Mass Properties Instrument Selection

How to Select the Right Mass Properties Instrument for Your Needs

Raptor Scientific manufactures more than 60 mass properties measurement instruments divided into 10 categories.

Let us guide you!

If you would like our professional advice to select your instrument, please provide us with the following specifications:

  • Payload weight range (specify if this includes fixture weight).
  • Which mass properties do you need to measure? Weight, center of gravity, moment of inertia, product of inertia?
  • What accuracy do you need for each mass property? You can express center of gravity accuracy as a distance (+/- 0.1 mm for example), moment of inertia accuracy as a percentage (0.1% of measurement for example) and product of inertia as an absolute value (0.3 lb-in2 for example).

How to Select the Size of a Combined Mass Properties Instrument (KSR, MP, and POI Series)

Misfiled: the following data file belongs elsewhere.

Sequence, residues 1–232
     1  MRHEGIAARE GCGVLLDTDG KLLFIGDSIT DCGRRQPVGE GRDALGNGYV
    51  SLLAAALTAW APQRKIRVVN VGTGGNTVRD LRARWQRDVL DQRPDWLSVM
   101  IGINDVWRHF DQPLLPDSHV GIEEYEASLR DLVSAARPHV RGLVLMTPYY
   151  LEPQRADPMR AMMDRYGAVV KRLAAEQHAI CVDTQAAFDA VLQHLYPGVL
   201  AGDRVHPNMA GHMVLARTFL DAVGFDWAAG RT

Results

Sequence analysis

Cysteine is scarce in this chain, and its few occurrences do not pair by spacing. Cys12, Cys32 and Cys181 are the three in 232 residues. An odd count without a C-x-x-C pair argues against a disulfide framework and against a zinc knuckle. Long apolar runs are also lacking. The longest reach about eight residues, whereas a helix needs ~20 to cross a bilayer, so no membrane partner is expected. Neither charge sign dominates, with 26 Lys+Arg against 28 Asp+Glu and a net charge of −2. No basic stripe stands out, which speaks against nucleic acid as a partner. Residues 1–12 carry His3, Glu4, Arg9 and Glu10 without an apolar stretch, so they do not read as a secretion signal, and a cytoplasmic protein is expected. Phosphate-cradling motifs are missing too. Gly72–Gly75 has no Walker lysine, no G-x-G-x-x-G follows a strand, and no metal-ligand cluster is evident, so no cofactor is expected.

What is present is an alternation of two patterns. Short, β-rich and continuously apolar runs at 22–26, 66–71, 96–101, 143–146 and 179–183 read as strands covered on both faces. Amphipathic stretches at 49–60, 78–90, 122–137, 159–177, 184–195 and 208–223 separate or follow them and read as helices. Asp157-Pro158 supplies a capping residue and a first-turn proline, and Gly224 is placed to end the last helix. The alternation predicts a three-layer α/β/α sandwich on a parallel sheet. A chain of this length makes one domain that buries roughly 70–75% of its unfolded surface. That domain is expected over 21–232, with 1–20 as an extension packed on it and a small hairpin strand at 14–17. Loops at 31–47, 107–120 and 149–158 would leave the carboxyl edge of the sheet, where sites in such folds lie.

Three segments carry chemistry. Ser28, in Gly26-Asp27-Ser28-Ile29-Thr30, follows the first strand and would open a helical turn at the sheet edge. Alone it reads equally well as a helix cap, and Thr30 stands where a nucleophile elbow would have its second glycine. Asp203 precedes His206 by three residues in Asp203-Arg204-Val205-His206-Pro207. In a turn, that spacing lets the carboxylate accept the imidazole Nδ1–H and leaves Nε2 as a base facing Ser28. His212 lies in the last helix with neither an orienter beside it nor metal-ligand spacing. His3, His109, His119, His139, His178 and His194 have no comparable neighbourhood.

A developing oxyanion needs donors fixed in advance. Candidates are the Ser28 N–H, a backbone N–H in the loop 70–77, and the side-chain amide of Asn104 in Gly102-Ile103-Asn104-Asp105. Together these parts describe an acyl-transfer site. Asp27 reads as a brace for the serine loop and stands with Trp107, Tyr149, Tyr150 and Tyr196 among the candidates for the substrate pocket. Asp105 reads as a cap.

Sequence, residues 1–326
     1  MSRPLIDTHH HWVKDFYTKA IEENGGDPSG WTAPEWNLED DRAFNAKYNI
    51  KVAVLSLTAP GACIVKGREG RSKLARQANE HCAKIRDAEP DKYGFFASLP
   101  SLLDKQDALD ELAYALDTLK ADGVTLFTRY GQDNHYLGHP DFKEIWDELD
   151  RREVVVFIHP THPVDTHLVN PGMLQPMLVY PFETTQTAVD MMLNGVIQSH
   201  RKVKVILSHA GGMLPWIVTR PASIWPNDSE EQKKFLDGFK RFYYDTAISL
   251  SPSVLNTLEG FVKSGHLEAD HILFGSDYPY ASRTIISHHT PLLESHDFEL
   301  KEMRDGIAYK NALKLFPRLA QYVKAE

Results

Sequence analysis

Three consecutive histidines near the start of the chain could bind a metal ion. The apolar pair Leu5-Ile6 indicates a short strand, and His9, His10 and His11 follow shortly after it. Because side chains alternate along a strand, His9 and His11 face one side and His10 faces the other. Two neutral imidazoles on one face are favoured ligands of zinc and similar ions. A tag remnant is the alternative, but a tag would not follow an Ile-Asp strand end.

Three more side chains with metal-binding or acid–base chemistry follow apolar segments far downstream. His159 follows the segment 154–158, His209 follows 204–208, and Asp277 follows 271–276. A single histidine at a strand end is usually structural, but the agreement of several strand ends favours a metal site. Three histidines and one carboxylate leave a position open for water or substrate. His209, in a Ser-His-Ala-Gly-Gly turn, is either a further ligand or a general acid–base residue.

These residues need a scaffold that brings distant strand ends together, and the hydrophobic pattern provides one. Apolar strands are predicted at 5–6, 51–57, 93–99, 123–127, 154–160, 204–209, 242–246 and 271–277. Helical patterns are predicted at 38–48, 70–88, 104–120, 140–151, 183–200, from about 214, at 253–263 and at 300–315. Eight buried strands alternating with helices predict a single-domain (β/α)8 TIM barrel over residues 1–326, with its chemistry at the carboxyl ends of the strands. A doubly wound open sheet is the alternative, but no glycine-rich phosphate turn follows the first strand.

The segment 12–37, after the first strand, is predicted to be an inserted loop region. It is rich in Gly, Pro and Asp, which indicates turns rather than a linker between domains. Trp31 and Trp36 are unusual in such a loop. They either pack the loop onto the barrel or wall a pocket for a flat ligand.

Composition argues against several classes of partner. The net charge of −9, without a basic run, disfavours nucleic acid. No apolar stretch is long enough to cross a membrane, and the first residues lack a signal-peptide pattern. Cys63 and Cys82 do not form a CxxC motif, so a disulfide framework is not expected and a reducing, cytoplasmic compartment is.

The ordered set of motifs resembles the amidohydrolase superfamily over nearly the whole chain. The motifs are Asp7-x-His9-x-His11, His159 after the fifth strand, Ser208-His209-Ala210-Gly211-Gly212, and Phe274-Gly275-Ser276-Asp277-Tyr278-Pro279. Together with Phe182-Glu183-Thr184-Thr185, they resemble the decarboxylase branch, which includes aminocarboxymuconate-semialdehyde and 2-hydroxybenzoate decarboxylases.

There are three factors to consider in the choice of instrument size:

1. Each size instrument has a limit on the maximum weight of test part and fixture (there is no limit on maximum moment of inertia). An instrument should not be chosen with a maximum weight capability any larger than necessary, since larger instruments have poorer accuracy for small parts. Any size or shape object can be measured about any axis provided its weight does not exceed the rating of the instrument.

2. The smallest moment of inertia which can be measured with rated accuracy is primarily a function of the tare moment of inertia of the instrument. If the part inertia is 100 times the tare inertia of the instrument, then a small change in tare inertia will not appreciably affect instrument accuracy. If the part inertia is 1/100 of tare inertia, then a 2oF change in ambient temperature will introduce a 0.5% error in the reading of part inertia due to the small increase in tare. This means that frequent re-calibration and tare measurements are necessary to get meaningful results if the test part moment of inertia is much smaller than 1/20 of the tare moment of inertia of the instrument.

3. The maximum CG height of the test object is limited by the stance of the instrument bearing. In the GB and smaller KSR series instruments, the bearing stance is equal to the bearing diameter. For the POI and larger KSR instruments, a second gas bearing is used to increase the stance so that greater CG heights can be accommodated.